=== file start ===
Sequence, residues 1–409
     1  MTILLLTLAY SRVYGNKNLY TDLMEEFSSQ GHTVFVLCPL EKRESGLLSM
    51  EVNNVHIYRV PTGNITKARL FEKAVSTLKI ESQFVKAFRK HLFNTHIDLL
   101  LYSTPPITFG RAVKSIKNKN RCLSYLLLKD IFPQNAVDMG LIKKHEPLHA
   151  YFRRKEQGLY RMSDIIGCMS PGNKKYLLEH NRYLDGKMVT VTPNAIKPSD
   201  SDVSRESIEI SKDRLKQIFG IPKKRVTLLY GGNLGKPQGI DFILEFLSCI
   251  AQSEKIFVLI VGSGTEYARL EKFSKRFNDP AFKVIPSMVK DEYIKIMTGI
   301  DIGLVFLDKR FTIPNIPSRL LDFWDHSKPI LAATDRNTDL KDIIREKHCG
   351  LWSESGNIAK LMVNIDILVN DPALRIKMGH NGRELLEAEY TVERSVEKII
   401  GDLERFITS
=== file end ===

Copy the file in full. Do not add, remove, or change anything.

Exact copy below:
Sequence, residues 1–409
     1  MTILLLTLAY SRVYGNKNLY TDLMEEFSSQ GHTVFVLCPL EKRESGLLSM
    51  EVNNVHIYRV PTGNITKARL FEKAVSTLKI ESQFVKAFRK HLFNTHIDLL
   101  LYSTPPITFG RAVKSIKNKN RCLSYLLLKD IFPQNAVDMG LIKKHEPLHA
   151  YFRRKEQGLY RMSDIIGCMS PGNKKYLLEH NRYLDGKMVT VTPNAIKPSD
   201  SDVSRESIEI SKDRLKQIFG IPKKRVTLLY GGNLGKPQGI DFILEFLSCI
   251  AQSEKIFVLI VGSGTEYARL EKFSKRFNDP AFKVIPSMVK DEYIKIMTGI
   301  DIGLVFLDKR FTIPNIPSRL LDFWDHSKPI LAATDRNTDL KDIIREKHCG
   351  LWSESGNIAK LMVNIDILVN DPALRIKMGH NGRELLEAEY TVERSVEKII
   401  GDLERFITS